So. We start with A - applique. I'm doing an exchange with a quilting group I joined at the beginning of the year, and received a gorgeous "quilt picture," as my girls call it. This, for now taped up to the wall in my sewing area as inspiration, until I can figure out how to frame it and put it in my living room. Isn't it awesome?!?
SM loves it and wanted to make one herself for Grandma's birthday gift. I haven't learned yet how to piece quilts, especially into pictures, so we went with the applique method. I gave her a fat quarter of fabric (fat quarter = 18 x 22-inch cut of fabric) in blue, and she went through my scrap box to figure out all of her pieces. She cut and arranged for an entire afternoon one day, getting it all laid out. I did all the sewing to attach her little teeny pieces, and she did the binding. We didn't use batting or any quilting because it's a wall hanging, and, well, I'm out of batting right now.
SM using the machine by herself for the very first time!
Happy (late) birthday, Grandma!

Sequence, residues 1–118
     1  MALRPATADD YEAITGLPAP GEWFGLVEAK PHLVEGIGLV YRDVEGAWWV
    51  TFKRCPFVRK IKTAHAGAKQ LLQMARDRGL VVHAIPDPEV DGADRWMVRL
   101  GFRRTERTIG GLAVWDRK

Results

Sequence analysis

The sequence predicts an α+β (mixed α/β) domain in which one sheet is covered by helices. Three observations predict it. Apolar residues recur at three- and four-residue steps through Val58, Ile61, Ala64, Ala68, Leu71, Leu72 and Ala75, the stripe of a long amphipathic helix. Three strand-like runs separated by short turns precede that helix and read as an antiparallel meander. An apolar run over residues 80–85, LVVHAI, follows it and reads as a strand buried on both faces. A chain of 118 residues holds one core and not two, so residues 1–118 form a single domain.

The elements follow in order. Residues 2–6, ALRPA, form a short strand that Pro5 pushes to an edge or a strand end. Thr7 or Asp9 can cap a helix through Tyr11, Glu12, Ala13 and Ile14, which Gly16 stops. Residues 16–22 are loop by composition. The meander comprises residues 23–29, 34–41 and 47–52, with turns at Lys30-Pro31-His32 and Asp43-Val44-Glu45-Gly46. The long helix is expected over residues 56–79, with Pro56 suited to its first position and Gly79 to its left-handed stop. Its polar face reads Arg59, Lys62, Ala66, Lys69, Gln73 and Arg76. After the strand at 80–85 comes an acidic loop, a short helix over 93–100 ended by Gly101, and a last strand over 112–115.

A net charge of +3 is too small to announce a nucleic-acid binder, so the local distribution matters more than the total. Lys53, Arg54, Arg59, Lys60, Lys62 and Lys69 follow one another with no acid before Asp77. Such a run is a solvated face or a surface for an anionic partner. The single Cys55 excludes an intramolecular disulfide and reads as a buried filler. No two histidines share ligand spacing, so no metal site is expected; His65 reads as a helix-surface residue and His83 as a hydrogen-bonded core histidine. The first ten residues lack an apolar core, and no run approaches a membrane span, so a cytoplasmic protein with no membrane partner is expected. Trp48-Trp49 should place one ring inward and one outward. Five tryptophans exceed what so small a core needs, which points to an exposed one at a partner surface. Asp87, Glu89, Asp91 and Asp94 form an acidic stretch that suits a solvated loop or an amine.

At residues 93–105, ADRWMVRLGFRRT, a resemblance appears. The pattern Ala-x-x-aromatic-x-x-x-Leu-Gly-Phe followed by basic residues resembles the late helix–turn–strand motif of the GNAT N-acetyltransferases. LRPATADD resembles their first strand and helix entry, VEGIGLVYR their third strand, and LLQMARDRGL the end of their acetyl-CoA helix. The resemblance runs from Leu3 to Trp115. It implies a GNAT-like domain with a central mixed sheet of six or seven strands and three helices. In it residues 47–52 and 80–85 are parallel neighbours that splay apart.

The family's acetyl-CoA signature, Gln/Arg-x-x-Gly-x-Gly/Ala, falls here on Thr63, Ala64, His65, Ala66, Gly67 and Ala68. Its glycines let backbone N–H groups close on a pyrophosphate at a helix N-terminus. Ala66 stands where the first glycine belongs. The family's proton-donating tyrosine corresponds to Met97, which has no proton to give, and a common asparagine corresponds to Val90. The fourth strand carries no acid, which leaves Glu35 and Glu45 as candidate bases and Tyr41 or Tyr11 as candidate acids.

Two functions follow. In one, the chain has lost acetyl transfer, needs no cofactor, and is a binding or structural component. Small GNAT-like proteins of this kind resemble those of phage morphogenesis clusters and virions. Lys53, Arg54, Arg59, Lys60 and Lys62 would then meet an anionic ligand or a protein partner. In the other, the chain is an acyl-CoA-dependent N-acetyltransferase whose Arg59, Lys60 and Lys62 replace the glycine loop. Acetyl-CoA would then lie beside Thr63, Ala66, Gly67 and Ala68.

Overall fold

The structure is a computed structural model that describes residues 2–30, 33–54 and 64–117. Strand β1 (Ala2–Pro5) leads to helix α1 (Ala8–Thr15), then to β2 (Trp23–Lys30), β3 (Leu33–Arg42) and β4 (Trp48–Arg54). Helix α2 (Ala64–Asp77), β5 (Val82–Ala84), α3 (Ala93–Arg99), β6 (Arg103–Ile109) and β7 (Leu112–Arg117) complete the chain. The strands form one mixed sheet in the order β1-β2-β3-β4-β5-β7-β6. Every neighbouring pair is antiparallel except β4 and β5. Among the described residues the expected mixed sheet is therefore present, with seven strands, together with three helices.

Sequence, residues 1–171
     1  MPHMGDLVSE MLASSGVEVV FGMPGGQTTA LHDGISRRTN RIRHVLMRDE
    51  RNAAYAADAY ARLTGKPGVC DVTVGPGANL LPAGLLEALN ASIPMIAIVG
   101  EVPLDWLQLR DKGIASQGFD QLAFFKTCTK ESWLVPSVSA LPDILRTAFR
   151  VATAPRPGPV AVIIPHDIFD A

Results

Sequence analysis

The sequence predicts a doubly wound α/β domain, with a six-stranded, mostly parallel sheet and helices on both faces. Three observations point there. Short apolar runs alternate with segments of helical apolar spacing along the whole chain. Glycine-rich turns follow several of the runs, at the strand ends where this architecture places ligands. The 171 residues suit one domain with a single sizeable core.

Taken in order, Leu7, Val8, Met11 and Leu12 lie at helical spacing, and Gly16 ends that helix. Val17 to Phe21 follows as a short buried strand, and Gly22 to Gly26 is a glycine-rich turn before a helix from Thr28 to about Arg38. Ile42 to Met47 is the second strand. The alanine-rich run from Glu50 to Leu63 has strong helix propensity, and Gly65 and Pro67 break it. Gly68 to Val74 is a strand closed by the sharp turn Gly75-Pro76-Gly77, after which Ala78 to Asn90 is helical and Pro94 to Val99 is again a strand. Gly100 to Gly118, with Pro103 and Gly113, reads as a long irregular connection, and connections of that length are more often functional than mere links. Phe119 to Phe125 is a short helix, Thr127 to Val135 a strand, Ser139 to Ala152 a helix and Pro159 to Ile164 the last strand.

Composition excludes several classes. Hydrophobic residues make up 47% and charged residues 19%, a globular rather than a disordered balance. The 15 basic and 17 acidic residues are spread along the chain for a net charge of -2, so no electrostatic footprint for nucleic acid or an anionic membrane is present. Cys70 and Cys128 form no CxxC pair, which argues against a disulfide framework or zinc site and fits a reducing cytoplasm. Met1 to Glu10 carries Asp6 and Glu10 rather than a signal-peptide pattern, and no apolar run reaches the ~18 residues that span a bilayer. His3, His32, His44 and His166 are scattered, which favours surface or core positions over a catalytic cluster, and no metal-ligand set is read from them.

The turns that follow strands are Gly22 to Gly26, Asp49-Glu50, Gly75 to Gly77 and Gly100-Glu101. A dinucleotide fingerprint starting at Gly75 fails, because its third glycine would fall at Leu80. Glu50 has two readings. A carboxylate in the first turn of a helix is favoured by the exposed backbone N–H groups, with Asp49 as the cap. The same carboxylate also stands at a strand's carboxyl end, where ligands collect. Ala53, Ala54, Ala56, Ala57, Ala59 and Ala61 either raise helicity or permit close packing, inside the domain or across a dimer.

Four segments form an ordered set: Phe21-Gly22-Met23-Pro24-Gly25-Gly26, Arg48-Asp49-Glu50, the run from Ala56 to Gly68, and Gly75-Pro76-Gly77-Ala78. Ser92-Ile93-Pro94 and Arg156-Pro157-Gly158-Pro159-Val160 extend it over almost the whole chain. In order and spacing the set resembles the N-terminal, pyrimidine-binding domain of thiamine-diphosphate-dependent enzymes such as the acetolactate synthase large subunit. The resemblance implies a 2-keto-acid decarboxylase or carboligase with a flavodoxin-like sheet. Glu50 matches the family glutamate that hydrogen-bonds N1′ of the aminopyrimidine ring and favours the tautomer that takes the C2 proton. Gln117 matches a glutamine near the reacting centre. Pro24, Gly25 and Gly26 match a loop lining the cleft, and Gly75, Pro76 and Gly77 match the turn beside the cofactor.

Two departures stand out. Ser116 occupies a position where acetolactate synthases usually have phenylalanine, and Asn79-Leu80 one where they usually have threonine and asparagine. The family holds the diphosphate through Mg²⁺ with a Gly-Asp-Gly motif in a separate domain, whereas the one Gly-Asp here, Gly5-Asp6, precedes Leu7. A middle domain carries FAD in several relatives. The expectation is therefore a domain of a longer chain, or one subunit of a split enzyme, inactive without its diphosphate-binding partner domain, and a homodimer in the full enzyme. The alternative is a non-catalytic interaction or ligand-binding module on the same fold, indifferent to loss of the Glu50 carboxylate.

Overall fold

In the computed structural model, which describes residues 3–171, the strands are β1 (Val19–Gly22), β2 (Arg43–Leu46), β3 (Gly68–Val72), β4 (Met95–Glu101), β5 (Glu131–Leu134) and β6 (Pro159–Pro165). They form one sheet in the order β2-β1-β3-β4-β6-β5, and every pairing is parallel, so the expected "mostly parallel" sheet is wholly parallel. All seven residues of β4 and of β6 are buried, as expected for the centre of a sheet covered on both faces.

I also did an applique on a t-shirt dress for TA's birthday - it took me a couple of attempts. The secret - stabilizer! Don't skip it. I wondered if I could get away with that, but no. I got about halfway around when the whole thing decided to get snagged in my machine. I pried it out and ripped a hole in the shirt in the process. So I removed the heart (lots of work with the seam ripper since the stitches were so teeny and compressed together) and started over, this time with stabilizer. And I covered the hole in the shirt. I need to reinforce a couple of sections of the stitching to make sure the edge of the heart is fully covered and doesn't start fraying in the laundry, but I got it on there in time for her birthday party at the park and she loves it!
I've always liked zucchini, but my mother-in-law had a garden this year so I got a LOT of it. I've shredded some for the freezer, I've pureed some and added it to spaghetti sauce. Here's a few other things I've done with zucchini this month.